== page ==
Shelton Urges Students to Provide Feedback on Transformation

Shelton Urges Students to Provide Feedback on Transformation

By Rebecca Ruiz-McGillUniversity Communications
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Students are an important part of the Transformation process and are strongly encouraged to give their feedback on the proposals being considered for reorganization and consolidation, President Robert N. Shelton told students during a town hall last week.

 

"We're all in this together," Shelton told the approximately 75 students who attended the forum, held Oct. 8 at the Student Union Memorial Center. "Our goal is to make this a better university. Students are the largest component of this university and we need to engage the entire community."

Part of the Transformation Plan process includes looking at how tuition dollars are spent, how class credit units are distributed, whether any programs should be discontinued, and whether there should be changes in the organizational structure of colleges and departments.

Monday was the deadline for University units to submit "white papers," or proposals, to the provost's office. Those proposals are being evaluated by a subcommittee of the Strategic Planning and Budget Advisory Committee, which will make recommendations to the president and provost about which should be pursued.

"Beginning Nov. 4, larger teams will look at the proposals and their structure and make recommendations which will lead to administrative steps to gain endorsement," Shelton told the students. "We will work through these ideas and see what can be implemented this spring. Some recommendations may take a year or two years to implement but we have come to a point where we have to move quickly where we can."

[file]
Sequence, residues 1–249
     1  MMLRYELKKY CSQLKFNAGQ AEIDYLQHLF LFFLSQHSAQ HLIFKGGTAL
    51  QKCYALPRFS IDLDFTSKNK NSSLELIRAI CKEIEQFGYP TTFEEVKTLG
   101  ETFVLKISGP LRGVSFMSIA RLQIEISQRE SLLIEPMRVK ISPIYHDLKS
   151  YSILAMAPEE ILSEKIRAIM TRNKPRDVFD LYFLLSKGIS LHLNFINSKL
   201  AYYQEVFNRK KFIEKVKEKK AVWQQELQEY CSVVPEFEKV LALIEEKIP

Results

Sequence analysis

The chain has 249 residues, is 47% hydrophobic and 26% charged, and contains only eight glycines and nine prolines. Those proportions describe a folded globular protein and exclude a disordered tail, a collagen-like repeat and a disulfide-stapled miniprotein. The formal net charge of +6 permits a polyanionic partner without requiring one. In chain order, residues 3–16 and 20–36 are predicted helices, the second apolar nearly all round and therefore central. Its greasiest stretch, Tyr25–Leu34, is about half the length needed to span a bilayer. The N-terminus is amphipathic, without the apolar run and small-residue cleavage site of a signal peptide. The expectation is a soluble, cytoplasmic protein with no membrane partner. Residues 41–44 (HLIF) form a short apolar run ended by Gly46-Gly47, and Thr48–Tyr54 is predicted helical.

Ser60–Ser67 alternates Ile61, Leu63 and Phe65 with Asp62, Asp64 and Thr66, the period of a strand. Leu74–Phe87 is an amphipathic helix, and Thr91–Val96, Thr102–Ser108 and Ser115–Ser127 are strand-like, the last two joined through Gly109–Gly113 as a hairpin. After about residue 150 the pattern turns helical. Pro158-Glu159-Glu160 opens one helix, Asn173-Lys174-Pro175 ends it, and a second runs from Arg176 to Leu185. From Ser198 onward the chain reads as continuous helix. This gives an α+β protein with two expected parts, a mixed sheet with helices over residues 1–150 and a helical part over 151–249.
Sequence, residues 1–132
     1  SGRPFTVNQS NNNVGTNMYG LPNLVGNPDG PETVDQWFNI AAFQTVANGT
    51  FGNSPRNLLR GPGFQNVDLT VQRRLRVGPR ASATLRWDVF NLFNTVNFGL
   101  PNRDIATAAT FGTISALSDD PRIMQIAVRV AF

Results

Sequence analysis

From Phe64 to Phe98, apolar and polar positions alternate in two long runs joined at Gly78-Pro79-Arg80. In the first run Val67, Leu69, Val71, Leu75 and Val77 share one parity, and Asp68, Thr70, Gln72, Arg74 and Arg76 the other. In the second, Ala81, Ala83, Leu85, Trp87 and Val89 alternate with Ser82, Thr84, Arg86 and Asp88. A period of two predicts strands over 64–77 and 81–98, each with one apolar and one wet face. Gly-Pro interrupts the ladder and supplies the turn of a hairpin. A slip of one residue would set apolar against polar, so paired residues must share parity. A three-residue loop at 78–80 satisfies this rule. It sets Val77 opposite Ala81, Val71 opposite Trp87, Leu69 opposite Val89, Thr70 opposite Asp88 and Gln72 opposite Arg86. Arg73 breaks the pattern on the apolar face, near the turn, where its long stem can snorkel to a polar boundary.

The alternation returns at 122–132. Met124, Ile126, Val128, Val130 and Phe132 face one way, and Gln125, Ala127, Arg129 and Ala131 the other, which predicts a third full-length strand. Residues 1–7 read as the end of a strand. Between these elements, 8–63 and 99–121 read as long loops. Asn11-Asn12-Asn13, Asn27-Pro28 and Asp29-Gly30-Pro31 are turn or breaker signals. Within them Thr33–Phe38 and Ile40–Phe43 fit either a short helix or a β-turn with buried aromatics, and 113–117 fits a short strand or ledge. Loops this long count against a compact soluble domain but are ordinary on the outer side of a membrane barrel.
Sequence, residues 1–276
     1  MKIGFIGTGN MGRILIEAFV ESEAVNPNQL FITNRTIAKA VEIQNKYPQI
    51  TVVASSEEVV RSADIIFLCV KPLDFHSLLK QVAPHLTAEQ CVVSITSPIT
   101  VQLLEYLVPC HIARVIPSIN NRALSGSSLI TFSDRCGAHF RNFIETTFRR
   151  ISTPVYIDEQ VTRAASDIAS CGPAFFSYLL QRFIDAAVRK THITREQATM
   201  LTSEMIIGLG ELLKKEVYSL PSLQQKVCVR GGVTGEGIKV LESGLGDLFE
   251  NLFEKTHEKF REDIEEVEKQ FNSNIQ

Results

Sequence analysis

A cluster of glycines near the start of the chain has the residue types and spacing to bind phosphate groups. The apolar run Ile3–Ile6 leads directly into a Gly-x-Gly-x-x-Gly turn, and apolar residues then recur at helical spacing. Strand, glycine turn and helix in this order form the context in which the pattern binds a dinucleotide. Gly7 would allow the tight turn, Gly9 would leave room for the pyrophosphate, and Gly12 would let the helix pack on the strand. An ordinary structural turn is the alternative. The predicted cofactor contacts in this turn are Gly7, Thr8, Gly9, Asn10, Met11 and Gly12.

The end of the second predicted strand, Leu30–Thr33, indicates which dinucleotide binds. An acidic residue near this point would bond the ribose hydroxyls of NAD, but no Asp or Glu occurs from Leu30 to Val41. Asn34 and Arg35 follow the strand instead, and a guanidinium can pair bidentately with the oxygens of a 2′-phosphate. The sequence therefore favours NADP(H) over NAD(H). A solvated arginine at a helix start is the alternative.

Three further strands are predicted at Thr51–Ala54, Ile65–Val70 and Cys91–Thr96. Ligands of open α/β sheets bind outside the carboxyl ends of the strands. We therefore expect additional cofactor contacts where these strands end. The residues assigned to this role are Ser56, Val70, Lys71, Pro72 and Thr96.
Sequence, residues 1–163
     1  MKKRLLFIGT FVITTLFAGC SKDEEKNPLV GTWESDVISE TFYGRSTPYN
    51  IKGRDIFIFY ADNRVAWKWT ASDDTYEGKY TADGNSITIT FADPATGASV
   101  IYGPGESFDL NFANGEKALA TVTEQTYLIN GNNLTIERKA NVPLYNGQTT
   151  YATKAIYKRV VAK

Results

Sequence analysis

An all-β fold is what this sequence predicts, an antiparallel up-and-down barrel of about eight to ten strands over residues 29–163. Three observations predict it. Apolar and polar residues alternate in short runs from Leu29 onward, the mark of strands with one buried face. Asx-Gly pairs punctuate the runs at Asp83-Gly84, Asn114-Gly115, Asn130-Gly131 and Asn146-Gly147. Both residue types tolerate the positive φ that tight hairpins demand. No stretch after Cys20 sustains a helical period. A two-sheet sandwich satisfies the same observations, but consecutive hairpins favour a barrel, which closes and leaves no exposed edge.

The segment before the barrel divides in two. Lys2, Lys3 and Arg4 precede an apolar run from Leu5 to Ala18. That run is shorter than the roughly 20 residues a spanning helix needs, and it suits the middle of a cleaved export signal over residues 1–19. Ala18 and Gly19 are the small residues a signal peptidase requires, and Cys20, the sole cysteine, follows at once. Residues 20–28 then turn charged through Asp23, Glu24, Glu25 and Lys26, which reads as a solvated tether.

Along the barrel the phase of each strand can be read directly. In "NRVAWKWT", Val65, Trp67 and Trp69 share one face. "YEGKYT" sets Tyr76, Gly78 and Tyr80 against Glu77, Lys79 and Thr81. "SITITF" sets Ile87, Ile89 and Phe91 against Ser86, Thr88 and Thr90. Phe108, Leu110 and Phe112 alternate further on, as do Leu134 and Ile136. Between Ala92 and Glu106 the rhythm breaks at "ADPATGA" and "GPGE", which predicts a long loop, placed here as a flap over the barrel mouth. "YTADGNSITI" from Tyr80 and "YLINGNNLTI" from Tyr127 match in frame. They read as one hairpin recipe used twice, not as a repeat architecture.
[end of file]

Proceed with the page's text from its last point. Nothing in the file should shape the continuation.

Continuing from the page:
Shelton warned students that tuition likely will increase. "'Tuition is one of the few resources we have but we need to balance that - we don't want that (tuition costs) to result in more people dropping out," Shelton said.

Students asked if the transformation process would be something that undergraduate and graduate students would notice. "Restructuring should have zero effect on what you do," Shelton responded. "At the graduate level we need to ensure that you have a degree with a label that people will understand," Shelton said.

Jose J. Federico, a Latin American Studies senior and student worker at the Chicano Hispano Student Affairs Office, asked if his office would be affected. Shelton responded that he would be foolhardy not to support the individual diverse student population centers. "We won't falter," he said.   

Akenabah Begay, a senior religious studies major, asked if the task force was looking into early graduation for seniors. Shelton responded that time-to-degree was a worrisome issue. "A core goal is to graduate students within four to five years. We need to open as many seats as we can and not compromise on the quality of the class," he said.

Shelton also said he has worked hard to increase salaries for graduate students and would continue to do so.

Both Shelton and Tommy Bruce, the president of the Associated Students of the University of Arizona, urged students to continue providing feedback. Students can contact Bruce at tbruce@email.arizona.edu.

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